Space

NASA's James Webb Space Telescope gets its first mirror

NASA's James Webb Space Telesc...
The Goddard team used a robotic arm to carefully lower the hexagonal mirror into place
The Goddard team used a robotic arm to carefully lower the hexagonal mirror into place
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The construction of the James Webb Space Telescope is taking place in a clean room at NASA's Goddard Space Flight Center in Maryland
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The construction of the James Webb Space Telescope is taking place in a clean room at NASA's Goddard Space Flight Center in Maryland
The Goddard team used a robotic arm to carefully lower the hexagonal mirror into place
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The Goddard team used a robotic arm to carefully lower the hexagonal mirror into place

Construction is well under way onNASA's James Webb Space Telescope (JWST) – the space agency's next generationinstallation, scheduled to launch in 2018. The instrument is reallystarting to take shape, with engineers successfully installing thefirst of 18 mirrors.

An ambitious program, the JWST isNASA's successor to the much celebrated Hubble Space Telescope, aversatile installation (it's capable of capturing visible, infraredand ultraviolet light) that has, on near countless occasions,provided significant scientific insights.

Originally conceived almost 20 yearsago, the JWST will be capable of viewing the very first generation ofstars that ignited in the early Universe. It'll be used to investigate theformation of early galaxies, study the evolution of our own solarsystem, look at distant worlds, and much more. If it's anything likeits predecessor, it'll have a huge impact on humanity's knowledge ofthe Universe.

The construction of the James Webb Space Telescope is taking place in a clean room at NASA's Goddard Space Flight Center in Maryland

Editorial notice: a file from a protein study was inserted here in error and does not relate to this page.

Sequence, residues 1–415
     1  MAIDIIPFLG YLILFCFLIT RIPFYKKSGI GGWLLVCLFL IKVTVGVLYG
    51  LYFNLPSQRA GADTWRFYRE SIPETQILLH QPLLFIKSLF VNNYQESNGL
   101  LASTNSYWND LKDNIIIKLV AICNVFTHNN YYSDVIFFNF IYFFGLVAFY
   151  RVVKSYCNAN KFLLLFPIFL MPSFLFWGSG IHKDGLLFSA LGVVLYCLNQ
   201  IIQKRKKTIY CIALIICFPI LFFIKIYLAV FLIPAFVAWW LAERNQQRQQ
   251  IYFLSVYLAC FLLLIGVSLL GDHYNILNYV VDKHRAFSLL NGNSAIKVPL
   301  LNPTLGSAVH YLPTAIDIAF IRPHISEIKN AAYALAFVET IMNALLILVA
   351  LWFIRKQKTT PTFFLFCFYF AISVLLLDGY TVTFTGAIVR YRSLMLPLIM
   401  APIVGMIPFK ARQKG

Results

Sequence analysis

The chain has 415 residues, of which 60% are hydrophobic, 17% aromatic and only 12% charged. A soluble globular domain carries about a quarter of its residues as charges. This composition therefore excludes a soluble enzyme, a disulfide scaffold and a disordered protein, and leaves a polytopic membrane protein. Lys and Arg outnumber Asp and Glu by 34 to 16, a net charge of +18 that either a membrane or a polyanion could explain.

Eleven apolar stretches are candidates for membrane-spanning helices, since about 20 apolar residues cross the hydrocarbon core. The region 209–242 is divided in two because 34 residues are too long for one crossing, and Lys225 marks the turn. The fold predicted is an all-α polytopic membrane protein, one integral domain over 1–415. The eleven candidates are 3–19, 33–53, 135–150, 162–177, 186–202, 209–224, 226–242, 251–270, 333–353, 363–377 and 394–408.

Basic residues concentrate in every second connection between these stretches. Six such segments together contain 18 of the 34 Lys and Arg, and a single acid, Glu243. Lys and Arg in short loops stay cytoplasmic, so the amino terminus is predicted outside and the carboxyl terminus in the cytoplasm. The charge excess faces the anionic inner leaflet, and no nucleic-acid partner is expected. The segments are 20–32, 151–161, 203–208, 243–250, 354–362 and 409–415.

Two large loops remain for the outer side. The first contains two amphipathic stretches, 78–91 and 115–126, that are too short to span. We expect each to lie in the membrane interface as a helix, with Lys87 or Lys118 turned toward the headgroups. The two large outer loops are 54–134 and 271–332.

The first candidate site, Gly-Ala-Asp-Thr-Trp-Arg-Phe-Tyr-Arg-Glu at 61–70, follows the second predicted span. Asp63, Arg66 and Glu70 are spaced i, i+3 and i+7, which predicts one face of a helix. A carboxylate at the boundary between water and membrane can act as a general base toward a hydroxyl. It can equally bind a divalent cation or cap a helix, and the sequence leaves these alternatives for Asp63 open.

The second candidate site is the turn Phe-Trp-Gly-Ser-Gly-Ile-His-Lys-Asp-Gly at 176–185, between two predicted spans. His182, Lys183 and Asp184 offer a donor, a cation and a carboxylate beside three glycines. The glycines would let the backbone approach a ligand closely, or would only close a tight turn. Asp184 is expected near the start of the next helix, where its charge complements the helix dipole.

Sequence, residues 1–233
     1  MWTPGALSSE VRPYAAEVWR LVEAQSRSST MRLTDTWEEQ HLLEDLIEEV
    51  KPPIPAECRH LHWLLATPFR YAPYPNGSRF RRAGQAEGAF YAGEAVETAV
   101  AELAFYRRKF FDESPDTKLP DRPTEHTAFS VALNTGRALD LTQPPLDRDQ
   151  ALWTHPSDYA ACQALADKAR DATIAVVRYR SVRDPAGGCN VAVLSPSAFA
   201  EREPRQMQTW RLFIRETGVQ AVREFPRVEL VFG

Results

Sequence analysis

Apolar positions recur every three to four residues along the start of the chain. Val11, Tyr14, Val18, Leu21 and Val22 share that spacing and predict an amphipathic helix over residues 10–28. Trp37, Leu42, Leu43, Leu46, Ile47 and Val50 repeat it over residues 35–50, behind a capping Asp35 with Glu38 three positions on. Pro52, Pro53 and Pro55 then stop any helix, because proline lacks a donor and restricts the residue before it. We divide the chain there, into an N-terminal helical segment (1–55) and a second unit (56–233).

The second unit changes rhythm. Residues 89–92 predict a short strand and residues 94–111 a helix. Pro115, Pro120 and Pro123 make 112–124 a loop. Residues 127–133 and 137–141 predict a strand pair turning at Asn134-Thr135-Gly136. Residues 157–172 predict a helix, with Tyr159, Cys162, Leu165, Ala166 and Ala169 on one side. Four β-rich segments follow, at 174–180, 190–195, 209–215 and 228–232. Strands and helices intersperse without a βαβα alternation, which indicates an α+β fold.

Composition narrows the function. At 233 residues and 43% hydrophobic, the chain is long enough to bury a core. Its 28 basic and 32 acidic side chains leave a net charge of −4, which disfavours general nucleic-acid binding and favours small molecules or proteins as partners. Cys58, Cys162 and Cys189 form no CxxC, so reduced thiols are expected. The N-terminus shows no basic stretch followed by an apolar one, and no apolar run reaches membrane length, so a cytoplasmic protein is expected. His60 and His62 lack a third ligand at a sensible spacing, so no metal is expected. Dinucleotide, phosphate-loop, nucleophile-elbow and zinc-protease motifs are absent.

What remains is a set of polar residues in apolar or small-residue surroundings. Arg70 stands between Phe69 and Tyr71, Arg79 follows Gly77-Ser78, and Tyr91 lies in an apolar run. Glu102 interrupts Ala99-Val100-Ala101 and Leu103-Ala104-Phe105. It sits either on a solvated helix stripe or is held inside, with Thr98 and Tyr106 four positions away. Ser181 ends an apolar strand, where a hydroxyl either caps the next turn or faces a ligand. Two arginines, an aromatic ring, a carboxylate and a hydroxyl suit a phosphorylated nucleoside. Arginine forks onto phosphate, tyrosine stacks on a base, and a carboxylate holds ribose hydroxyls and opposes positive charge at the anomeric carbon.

The construction of the James Webb Space Telescope is taking place in a clean room at NASA's Goddard Space Flight Center in Maryland

The construction is taking place in a clean room at NASA's Goddard Space Flight Center in Maryland. The team used a robotic arm to carefully lower the hexagonal mirror, which measures some 4.2 ft (1.3 m) in diameter, and weighs in at around 88 lb (40 kg). It's made from ultra-lightweight beryllium and has a thin gold coating, designed to help it reflect infrared light.

A further 17 segments will be movedinto place in the coming months. After being inserted into orbit, thesegments will unfold to form a single 21.3 ft (6.5 m) mirror.

"After a tremendous amount of work byan incredibly dedicated team across the country, it is very excitingto start the primary mirror segment installation process," said Goddard Flight Center optical telescope element manager Lee Feinberg."This starts the final assembly phase of telescope."

For more on the ongoing construction,NASA has provided a live webcam feed.

Source: NASA

2 comments
Derek Howe
I'm really looking forward to the stunning shots this thing is going to take...and for the billions spent on it...it better produce.
Cuckoo
Please don't send this amazing instrument up in one of those cheap Russian rockets.